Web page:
Going further, I recently presented a plan to the Los Angeles Police Department for creating a mobility task force made up of LAPD leadership and community members that would elevate help elevate traffic violence to the level of attention it deserves to protect public safety. While our neighborhood councils, neighborhood watch meetings, and Senior Lead Officer reports routinely include reports of car break-ins and burglaries, they often do not include detailed reports on the traffic violence that claims so many lives in our communities. As councilmember, I will work with public safety groups and our police force can bring greater attention to both the problems and solutions to these deaths and injuries.
4. LADOT has determined that speed is the predominant factor in whether traffic collisions are deadly. Despite this fact, Los Angeles recently increased speed limits on 100 miles of local streets to abide by state law, including raising the speed limit to 45 mph on Winnetka Ave., Wilbur Ave. & Reseda Blvd. in CD12. Would you support implementation of lane reductions and other traffic calming infrastructure in order to reduce vehicle speeds on surface streets in CD12?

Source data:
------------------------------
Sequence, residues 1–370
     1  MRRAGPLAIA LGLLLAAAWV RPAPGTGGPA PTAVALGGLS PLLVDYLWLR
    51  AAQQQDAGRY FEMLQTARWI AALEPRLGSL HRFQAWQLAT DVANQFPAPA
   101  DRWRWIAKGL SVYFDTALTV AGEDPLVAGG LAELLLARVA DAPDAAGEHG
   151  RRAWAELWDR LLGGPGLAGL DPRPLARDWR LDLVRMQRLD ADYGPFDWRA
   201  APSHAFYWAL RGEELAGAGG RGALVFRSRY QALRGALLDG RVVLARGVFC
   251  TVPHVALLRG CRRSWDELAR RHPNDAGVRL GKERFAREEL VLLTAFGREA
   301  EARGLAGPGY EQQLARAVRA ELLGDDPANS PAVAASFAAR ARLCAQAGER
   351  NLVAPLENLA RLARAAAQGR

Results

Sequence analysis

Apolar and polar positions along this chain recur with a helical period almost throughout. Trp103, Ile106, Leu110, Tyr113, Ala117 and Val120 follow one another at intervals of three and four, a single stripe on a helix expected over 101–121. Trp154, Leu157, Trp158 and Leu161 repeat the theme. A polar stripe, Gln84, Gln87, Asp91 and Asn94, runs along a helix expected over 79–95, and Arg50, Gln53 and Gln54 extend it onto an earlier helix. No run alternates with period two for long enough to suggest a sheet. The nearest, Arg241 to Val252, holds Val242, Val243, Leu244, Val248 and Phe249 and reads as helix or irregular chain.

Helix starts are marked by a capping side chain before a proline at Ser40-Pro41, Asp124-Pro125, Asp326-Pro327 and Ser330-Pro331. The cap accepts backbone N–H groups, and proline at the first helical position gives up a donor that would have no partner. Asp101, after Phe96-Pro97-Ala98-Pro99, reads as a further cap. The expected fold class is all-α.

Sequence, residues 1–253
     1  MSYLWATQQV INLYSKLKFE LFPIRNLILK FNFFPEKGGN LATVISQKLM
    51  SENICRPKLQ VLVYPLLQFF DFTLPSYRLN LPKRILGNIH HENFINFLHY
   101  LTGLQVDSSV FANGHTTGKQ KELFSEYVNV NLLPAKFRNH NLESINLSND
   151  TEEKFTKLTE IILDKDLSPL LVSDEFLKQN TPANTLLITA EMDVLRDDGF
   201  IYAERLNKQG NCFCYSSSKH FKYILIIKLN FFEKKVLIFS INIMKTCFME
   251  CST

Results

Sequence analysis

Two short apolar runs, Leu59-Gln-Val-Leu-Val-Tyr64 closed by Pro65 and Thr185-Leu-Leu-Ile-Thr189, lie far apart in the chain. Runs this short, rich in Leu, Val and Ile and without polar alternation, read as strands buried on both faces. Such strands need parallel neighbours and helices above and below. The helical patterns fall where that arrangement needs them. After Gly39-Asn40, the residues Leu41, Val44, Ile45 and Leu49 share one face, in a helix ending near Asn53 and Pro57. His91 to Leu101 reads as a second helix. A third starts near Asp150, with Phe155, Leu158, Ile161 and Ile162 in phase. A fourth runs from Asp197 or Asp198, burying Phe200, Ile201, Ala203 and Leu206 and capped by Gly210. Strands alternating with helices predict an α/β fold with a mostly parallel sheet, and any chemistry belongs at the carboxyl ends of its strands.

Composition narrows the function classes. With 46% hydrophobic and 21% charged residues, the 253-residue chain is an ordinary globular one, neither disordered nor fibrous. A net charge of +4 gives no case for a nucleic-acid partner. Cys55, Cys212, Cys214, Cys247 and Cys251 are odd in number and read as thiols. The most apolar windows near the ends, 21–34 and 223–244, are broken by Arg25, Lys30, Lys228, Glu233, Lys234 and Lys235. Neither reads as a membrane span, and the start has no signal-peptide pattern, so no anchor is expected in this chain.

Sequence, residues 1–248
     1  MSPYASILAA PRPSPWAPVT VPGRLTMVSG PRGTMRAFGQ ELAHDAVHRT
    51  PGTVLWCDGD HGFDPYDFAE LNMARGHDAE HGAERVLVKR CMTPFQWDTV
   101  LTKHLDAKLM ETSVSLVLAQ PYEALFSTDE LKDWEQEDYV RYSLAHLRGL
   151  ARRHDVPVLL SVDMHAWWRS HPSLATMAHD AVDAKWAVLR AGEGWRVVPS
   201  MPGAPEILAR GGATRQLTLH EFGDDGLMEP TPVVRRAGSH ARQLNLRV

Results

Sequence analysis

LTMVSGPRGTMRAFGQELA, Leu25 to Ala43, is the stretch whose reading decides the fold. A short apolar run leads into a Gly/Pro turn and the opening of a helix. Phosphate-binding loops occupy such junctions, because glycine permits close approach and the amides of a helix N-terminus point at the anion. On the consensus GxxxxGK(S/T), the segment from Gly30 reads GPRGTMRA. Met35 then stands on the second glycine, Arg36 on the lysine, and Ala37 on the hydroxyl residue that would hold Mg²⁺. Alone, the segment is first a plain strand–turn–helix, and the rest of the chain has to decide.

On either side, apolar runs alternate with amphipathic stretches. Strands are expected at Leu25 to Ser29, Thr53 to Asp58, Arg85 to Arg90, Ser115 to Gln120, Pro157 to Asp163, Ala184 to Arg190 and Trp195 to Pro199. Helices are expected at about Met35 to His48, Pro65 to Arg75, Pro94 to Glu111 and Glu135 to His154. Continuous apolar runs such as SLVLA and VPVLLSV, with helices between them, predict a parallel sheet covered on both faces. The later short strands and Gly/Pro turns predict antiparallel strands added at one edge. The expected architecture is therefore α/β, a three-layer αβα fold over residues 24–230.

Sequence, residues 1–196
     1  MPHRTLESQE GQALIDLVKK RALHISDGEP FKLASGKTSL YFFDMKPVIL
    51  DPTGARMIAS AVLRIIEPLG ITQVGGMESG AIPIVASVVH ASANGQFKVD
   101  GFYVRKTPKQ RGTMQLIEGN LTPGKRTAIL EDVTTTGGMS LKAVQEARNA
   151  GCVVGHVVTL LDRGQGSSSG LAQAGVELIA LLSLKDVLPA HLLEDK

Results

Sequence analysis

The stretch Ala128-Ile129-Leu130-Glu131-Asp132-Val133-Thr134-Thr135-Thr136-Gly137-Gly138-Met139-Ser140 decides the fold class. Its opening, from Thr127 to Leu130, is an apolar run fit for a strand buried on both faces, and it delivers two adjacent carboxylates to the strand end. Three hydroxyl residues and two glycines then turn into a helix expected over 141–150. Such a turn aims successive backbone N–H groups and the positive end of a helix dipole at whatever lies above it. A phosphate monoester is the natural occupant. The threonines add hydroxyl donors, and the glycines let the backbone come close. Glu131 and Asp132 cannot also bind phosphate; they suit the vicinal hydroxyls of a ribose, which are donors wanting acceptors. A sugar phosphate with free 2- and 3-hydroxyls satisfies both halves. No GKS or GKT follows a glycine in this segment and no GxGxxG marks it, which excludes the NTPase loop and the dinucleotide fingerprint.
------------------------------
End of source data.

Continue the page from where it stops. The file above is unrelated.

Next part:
The data are clear that traffic calming measures reduce crashes. And the effect is not small: 19-42% according to the US Department of Transportation. While increased safety is important, I am also excited about the opportunities that these changes present our communities. While lane reductions are commonly called ‘road diets’, they can be more accurately thought of as ‘road buffets’ because of the increased options of a space devoted to a broader range of transportation options that make walking, biking, and public transit. I also support robust and continued input from the community via neighborhood councils and other interest groups before, during, and after implementation of road buffets to ensure they are meeting community needs.